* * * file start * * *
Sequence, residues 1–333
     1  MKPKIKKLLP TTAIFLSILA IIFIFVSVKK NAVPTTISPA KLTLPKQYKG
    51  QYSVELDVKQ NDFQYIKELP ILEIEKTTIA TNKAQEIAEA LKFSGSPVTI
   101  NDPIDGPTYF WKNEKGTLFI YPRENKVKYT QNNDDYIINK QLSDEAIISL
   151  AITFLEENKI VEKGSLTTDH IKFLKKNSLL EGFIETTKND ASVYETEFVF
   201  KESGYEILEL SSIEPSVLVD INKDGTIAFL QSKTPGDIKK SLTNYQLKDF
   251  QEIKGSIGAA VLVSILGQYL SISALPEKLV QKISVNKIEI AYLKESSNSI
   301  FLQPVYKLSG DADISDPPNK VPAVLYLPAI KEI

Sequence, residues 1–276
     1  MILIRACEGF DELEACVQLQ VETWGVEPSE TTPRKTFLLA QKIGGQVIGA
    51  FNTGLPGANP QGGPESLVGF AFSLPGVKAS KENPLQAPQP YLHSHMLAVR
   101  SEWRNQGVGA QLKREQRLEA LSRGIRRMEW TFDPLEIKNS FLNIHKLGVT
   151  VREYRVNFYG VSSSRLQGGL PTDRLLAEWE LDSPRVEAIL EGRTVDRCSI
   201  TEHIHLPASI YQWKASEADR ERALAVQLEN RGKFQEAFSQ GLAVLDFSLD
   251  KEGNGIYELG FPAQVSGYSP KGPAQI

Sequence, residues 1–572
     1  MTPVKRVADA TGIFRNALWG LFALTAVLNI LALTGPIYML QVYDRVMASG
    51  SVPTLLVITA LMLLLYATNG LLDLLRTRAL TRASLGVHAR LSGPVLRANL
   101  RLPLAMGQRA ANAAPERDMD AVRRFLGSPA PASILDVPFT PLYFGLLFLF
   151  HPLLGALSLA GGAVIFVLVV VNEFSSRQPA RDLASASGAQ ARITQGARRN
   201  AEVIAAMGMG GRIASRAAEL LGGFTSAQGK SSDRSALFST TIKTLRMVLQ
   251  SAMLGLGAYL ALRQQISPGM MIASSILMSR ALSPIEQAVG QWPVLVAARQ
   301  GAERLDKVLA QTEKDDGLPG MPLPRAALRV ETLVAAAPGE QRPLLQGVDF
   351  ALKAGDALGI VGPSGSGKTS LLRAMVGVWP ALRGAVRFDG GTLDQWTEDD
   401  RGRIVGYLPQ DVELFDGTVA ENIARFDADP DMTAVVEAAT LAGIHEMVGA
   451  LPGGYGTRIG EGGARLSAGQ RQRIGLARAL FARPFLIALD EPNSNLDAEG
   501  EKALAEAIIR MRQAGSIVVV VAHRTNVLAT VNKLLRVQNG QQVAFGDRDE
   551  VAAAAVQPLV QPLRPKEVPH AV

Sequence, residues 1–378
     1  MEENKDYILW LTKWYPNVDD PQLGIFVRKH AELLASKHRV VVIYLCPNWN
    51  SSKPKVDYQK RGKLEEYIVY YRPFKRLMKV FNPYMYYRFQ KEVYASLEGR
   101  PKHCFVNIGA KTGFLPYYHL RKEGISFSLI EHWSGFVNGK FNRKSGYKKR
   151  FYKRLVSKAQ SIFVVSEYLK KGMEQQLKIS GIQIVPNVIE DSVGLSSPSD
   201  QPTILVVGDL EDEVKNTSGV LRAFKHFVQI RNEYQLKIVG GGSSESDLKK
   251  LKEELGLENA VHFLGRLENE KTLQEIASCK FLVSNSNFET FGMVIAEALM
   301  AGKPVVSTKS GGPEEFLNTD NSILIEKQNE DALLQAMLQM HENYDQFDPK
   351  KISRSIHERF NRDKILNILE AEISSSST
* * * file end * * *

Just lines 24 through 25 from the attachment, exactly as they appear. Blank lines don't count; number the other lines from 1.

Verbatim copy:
   351  ALKAGDALGI VGPSGSGKTS LLRAMVGVWP ALRGAVRFDG GTLDQWTEDD
   401  RGRIVGYLPQ DVELFDGTVA ENIARFDADP DMTAVVEAAT LAGIHEMVGA